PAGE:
Hot links!

Super super busy with other writing projects lately, but I don’t want to let the site languish. Here are a bunch of things that caught my eye lately, but that I haven’t had the time to write about:

Fr. Barron’s reflections on our beloved John Paul II.  He really was a hero.

A gently searing reflection on being useful and being sick. Lots to think about. Oh, lots. 

And old but lovely story about a group who helps dying people achieve their last wishes. The woman in the top photo wanted to see Rembrandt one more time. 

Hoop de doo, a Catholic school that is no longer going to let parents claim they can’t vaccinate because they’re Catholic! Because it’s just not Christian to give immunocompromised people the measles for no good reason. 

Something about sex work that I am reading because I need to understand things I don’t understand, and I won’t if I only read things I know I’ll like. It’s long, and I’m not done reading it yet.

A couple of dumbass laws by us, God’s dumbass people: Let’s have no pointy knives, because roast beef is a social construct; and also now how would it be if you can go to jail for calling someone a bitch, even if they totally are a bitch? Because goodness knows we can count on government to only take away a little bit of your free speech, and also the only way to discourage bad behavior is through the legal system YOU DUMB BITCHES.

A printable coloring page of the Trinity, just in case you needs one. 

Bernadette Carstensen is the one who painted that lovely picture of toddler Jesus putting a crown on a doting Mary’s head. I love how she’s at his feet and looking up to him, but also has her arm around his little bum, holding him steady. Raise your hand if you think I need to get in touch with Cerstensen and get my Catholic artist interview series going again.

And then I need to get in touch with this gal at Akathist Art. Eh? Eh?

And finally, back to John Paul II. This stupid video resurfaces every couple of years and I always cry like a dumb bitch when I see it. “Perhaps I love you more!” 

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5 thoughts on “Hot links!”

  1. Thinking of that article on sex work – Since millions of people enslaved in human trafficking situations didn’t choose to be there in the first place, this officer gives suggestions for staying safe if you are a woman traveling alone during the holidays – or even with others, it can take just a few seconds out of sight to become drugged and kidnapped – so the officer has tips for staying safe:

    And for those who are being trafficked if you get a chance to phone or text, contact the Polaris Project’s National Human Trafficking Hotline, or contact the hotline – by phone or text – if you suspect someone is being trafficked – Phone: 888-373-7888 | Text BeFree (233733). The text number seems especially easy to remember, but the phone number is pretty easy also.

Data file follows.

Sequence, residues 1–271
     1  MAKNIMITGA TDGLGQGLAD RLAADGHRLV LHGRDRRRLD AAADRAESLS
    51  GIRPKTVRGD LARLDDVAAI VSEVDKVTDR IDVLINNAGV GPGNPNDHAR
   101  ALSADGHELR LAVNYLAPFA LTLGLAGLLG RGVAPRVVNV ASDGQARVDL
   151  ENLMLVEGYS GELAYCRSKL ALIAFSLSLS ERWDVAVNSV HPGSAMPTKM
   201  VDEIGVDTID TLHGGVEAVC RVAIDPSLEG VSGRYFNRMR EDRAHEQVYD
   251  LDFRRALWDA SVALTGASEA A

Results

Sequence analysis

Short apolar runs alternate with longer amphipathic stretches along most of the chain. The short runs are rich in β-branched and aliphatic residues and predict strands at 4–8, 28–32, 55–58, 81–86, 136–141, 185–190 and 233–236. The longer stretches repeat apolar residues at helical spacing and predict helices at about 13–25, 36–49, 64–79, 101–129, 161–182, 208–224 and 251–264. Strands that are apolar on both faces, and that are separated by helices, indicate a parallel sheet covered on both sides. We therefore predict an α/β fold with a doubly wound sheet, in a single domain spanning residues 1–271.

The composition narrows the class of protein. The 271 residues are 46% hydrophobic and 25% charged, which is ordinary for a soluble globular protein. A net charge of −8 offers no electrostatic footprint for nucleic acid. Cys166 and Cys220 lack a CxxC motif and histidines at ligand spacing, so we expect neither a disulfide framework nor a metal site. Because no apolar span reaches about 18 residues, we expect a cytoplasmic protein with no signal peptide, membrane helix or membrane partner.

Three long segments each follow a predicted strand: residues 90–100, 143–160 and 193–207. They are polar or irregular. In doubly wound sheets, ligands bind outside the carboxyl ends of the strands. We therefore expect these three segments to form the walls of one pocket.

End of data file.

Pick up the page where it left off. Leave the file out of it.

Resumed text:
2. Simcha, I did take a look at the article about sex workers. Good that you make the effort to read things to “understand things I don’t understand.” So here is another link – This is a scholarly article by Dr. Laura Lederer and Chris Wetzel (2014) on the health effects of being tafficked. Although it is a research article, I think a non-medical person would find it understandable. Dr. Laura Lederer is an international expert on human trafficking and has worked in high levels in the U.S. government, initially involved with the legal aspects of trafficking, and now in the public health aspects. She surveyed women who had escaped from trafficking – survivors – and was able to document the horrific physical, sexual, and mental abuse they experienced. More than half the women had PTSD, with 68% reporting flashbacks; 88.7% of the women reported experienced depression during trafficking and 41.5% had attempted suicide. In all, 98.1% had mental health problems. But almost all had physical medical problems also. For example, 91.5% had neurological symptoms such has headaches, memory and concentration problems dizziness – many of these from being punched in the head and slammed around. “Nearly nearly 70% of victims reported physical injuries, most commonly to the head or face.” Nicole, a survivor stated, “I’ve been hit, punched, kicked, beaten, whipped with a belt, forced to have sex, threatened with a weapon, shot at, and had my head split open. . . . ” One survivor was whipped and had bleach poured on her. These types of things were not exceptional; extreme violence was commonly experienced by the women during. One other thing is that trafficked women do get pregnant while trafficked, and many have multiple abortions. One woman in this study said she had 17 abortions, some of them forced, though if a person is enslaved and controlled by violence, it’s difficult to think that there is truly any free choice about any of the abortions. In any case, there were many pregnancies and abortions, many of them very clearly forced, revealed in this study. These things were not exceptional but common place among the trafficking survivors. As a mental health professional, I have treated a number of formerly trafficked women, and it has not been empowering for my patients. Many are disabled by their severe psychiatric and neurological injuries and other health problems that have arisen from being trafficked. It’s important to realize that many, many sex workers are in fact enslaved, and are in trafficked situations. The majority are not doing this as a career choice. Formerly trafficked women who become well and find their voice have written books about their experiences, have started ministries and non-profit organizations to help women to escape trafficking and to help women with their recovery through halfway houses, counseling and rehab programs etc. Some trafficking survivors speak publicly about their time in trafficking to educate others on how to help, how to prevent, etc., and some formerly trafficked women have testified to Congressional subcommittees. Trafficking is big business and very lucrative – with drugs, you can only sell once and then one has to get more to sell, but if you enslave a human person, you can sell them over and over again, so it’s big money for those who enslave sex workers. Lorelei Lee speaks for herself, but does not speak for the majority of sex workers including the millions who are trafficked. This is an important issue to understand well because of the terrible effects on so many, in our own country, not just foreign countries – our own daughters could go missing and be enslaved for sex work. It does happen.